8 8 HR response : –Is higher with upper body - at same power requirement Due to : smaller muscle mass, increased intra-thoracic pressure, less effective muscle pump, feedback to control center –Is less significant during strength training Inc with ms mass used Inc with percentage of MVC (maximum voluntary contraction) Rate Pressure Produce - RPP –HR X Systolic BP –Good estimate of the workload of the heart, myocardial oxygen consumption, with Heart Rate

9 9 Stroke Volume - volume of blood per heart beat –Rest ml ; Max ml Fig SV increases with intensity to ~ 25-50% VO 2 max - then plateaus Fig Factors affecting SV during exercise –Pre load - end diastolic pressure (volume) Affected by changes in Q, posture, venous tone, blood volume, atria, muscle pump, intrathoracic pressure. Frank Starling Mechanism (fig 14.8) –After load - resistance to ventricular emptying –Contractility - inc by sympathetic stimulation (fig 14-10) SV biggest difference when comparing elite athletes and sedentary population ~ same max HR - double the SV and Q Stroke volume

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13 13 Difference between arterial and venous oxygen content across a capillary bed –(ml O 2 /dl blood -units of %volume also used) (dl = 100ml) (a-v)O 2 difference - depends on –capacity of mitochondria to use O 2 –rate of diffusion –blood flow (capillarization) (a-v)O 2 difference increases with intensity –fig rest max 16 (vol %) (ml/100ml) –always some oxygenated blood returning to heart - non active tissue –(a-v) O 2 can approach 100% extraction of in maximally working muscle 20 vol % (a-v)O 2 difference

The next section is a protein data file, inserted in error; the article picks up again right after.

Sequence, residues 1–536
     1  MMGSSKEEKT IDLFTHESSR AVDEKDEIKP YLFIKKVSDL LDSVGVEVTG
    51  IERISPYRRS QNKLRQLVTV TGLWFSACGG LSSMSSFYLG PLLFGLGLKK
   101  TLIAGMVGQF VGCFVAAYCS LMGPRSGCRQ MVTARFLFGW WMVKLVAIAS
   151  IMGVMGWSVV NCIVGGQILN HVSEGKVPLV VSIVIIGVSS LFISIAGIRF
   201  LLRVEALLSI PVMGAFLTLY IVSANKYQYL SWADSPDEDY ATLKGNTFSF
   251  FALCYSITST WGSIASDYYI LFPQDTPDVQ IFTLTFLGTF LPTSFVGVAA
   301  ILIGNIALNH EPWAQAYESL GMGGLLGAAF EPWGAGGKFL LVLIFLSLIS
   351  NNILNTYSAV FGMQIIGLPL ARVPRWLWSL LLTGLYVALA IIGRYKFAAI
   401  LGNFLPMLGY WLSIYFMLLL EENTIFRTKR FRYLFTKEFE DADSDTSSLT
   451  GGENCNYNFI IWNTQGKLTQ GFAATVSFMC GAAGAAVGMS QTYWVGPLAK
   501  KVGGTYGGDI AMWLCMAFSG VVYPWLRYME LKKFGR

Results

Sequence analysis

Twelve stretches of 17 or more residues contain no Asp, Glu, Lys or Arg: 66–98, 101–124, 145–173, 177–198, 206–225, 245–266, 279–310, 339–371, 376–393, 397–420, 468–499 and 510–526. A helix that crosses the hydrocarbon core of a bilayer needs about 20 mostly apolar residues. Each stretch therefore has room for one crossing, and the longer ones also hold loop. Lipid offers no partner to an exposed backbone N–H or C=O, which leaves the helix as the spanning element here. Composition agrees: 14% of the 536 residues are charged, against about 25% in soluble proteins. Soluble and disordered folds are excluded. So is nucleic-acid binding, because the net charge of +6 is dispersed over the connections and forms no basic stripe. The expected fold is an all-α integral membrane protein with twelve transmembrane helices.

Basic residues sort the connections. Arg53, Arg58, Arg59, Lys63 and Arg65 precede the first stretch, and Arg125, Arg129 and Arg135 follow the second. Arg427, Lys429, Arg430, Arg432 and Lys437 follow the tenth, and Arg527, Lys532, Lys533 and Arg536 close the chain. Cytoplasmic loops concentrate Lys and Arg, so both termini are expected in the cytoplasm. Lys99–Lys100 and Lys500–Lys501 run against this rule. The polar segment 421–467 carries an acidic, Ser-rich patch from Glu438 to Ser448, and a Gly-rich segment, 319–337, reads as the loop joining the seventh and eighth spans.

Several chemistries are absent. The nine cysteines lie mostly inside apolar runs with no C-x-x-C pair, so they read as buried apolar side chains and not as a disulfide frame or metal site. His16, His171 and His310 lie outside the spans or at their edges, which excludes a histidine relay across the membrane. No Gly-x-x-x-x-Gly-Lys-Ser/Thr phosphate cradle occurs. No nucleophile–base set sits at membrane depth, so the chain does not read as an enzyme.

14 14 Blood Pressure fig 16-5 –BP = Q * total peripheral resistance (TPR) –dec TPR with exercise to 1/3 resting cue to vasodilation in active tissues –Q rises from 5 to 25 L/min –systolic BP goes up steadily with intensity –MAP - mean arterial pressure 1/3 (systolic-diastolic) + diastolic –diastolic relatively constant Rise of diastolic over 110 mmHg - associated with CAD Blood Pressure

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16 16 With exercise - blood is redistributed from inactive to active tissue beds the priority for brain and heart circulation are maintained Skeletal muscle blood flow is influenced by balance between metabolic factors and the maintenance of blood pressure Fig 17.3 a,b Exercise Physiology, McCardle, Katch and Katch Circulation and its Control